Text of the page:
The Safety, Housing, Education and Homelessness Committee of the Denver City Council approved Wednesday a contract to remove hazardous materials in the city, including human waste from homeless encampments.
Several members of the council raised concerns about the contract, which the committee agreed to extend for six months. About $3.8 million remains in the on-call contract, according to city staff, because less money than expected has been spent.
The city recently put out to bid the contract for hazardous materials cleanup. Last time only the current vendor, Environmental Hazmat Services, or EHS, applied.
Homeless community: EHS employees rude
Council members expressed concern about the complaints the city has received about the company. Many people experiencing homelessness say the employees are rude during encampment sweeps. City staff said each complaint is investigated.
“This contract and this contractor has been an ongoing source of mistrust that unhoused people have for the city, and I think that unfortunately has been well earned, to be very blunt,” said council member Sarah Parady, who represents Denver at large.
Parady said she is concerned about the degree of power the contractor has over facility management of the only storage place for unhoused people to retrieve their seized belongings. She said the city should hire and train its own HazMat workers.
Sensitivity training required
Will Fenton from the Denver Department of Public Health and environment said the contract now requires EHS employees to go through homelessness sensitivity training. He said EHS employees are not allowed to interact with encampment dwellers without a city employee present.
Fenton said EHS responds within two hours, 24 hours per day, seven days per week, to “urgent” city calls for services That can include impounding a homeless person’s belongings after they are arrested.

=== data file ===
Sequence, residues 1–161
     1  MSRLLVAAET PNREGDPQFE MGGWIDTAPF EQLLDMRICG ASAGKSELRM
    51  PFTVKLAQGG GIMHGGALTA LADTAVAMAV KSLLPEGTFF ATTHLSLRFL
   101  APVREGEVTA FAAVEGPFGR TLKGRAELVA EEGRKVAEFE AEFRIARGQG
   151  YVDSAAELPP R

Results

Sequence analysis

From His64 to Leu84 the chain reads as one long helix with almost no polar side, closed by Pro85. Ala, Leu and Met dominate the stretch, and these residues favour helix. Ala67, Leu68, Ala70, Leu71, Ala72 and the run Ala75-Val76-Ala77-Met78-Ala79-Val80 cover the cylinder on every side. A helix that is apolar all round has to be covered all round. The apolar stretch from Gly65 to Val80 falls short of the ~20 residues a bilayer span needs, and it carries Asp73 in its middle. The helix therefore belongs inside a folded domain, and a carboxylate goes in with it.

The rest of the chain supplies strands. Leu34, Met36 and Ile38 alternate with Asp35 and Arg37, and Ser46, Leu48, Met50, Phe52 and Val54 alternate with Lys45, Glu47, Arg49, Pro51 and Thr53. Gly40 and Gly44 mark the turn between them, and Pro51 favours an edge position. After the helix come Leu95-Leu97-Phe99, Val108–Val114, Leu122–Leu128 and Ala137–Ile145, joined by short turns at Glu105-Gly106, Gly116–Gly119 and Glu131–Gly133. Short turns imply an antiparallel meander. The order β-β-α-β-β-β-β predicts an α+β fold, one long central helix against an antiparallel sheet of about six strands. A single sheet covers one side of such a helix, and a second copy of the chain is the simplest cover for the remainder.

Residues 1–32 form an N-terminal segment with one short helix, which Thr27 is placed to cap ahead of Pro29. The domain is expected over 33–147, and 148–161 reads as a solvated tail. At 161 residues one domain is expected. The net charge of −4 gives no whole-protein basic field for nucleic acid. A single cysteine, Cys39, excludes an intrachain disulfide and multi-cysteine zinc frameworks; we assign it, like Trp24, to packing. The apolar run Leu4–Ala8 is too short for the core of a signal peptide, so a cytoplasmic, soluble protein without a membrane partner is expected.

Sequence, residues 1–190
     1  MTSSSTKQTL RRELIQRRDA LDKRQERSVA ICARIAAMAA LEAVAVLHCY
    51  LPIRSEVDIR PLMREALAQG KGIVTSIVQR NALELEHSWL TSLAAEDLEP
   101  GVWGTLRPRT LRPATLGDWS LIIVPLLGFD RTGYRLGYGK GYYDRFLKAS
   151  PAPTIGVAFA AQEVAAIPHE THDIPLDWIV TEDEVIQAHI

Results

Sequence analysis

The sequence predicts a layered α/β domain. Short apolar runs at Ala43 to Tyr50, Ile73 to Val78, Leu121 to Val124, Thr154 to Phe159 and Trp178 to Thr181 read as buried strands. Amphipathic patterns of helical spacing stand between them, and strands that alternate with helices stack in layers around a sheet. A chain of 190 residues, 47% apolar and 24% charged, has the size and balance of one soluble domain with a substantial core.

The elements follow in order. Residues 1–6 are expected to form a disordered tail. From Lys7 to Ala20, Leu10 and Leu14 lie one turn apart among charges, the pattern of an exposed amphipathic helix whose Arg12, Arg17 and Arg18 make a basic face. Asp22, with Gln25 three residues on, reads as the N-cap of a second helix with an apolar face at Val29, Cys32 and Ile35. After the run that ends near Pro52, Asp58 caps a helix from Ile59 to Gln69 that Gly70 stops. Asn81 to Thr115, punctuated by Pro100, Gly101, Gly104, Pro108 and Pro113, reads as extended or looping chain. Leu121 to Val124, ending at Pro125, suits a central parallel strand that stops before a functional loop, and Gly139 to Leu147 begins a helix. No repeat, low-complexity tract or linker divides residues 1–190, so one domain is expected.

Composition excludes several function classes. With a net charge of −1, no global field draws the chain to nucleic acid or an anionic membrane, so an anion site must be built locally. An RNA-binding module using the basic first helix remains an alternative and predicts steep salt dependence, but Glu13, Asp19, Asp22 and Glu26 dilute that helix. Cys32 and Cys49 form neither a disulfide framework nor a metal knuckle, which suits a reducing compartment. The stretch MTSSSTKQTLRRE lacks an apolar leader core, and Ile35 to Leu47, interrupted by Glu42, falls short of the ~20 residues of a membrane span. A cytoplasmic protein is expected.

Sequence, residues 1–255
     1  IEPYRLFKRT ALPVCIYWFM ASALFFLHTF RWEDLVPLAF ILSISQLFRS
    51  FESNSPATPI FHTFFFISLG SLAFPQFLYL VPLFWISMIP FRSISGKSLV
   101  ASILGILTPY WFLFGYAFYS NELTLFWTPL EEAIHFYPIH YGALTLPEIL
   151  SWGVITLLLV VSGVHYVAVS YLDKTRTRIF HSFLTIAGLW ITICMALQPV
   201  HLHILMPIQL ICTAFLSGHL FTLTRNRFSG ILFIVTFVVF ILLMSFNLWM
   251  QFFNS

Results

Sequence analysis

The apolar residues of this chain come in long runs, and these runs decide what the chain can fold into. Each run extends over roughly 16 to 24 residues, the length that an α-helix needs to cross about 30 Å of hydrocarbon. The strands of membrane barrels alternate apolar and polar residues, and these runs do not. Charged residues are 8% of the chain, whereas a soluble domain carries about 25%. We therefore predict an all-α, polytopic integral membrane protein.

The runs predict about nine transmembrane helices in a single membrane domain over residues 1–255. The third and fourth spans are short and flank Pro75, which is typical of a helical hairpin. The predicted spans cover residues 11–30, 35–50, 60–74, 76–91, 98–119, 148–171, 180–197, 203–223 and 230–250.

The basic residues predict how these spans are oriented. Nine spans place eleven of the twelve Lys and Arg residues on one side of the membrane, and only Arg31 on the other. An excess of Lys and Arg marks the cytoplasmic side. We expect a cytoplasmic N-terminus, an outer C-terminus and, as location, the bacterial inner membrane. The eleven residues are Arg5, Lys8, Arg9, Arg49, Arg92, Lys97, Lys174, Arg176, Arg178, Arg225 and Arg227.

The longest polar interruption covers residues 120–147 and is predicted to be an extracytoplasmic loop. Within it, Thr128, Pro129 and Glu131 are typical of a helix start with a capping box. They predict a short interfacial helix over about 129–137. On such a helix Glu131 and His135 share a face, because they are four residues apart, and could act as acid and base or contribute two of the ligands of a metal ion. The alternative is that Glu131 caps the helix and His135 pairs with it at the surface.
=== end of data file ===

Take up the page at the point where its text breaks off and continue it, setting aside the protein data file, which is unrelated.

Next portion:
Hypodermic needle, RV cleanups
Council member Stacie Gilmore previously expressed concerns about not enough sharps containers being placed around the city for hypodermic needles. Staff explained that portable toilets being provided to large encampments all come with sharps containers.
Besides encampment cleanups, EHS often is used to clean up illegal dumps and even household waste tanks from RVs that people have been occupying. Denver is currently in the process of developing a plan for clearing RV encampments, according to city staff.
In the past council members have said areas swept by EHS still look messy afterward. Fenton said the Department of Transportation Infrastructure now uses a checklist to make sure EHS has thoroughly swept encampments.
Concerns about propane tanks
Council member Darrell Watson asked what the process is for removing propane tanks from encampments. Staff explained that the Fire Department declares the tanks unsafe, and the Department of Public Health and Environment places them for safe keeping. They are later taken to a propane tank reclamation facility. Staff stressed that city employees must be present when EHS takes the tanks so there is no inappropriate interaction with encampment dwellers.
Picking up excrement at parks
Council member Kevin Flynn emphasized that EHS is not used just for encampment sweeps. He said EHS has cleaned up area parks where residents have smoked drugs off picnic tables or defecated on the tennis courts.
Council member Amanda Sawyer told her colleagues that the Harm Reduction Action Center has a team that will come out and rid areas of hypodermic needles. She said it’s a great resource.
The committee approved extending the contract for six months, with Parady voting no. The full City Council will vote on the contract Monday.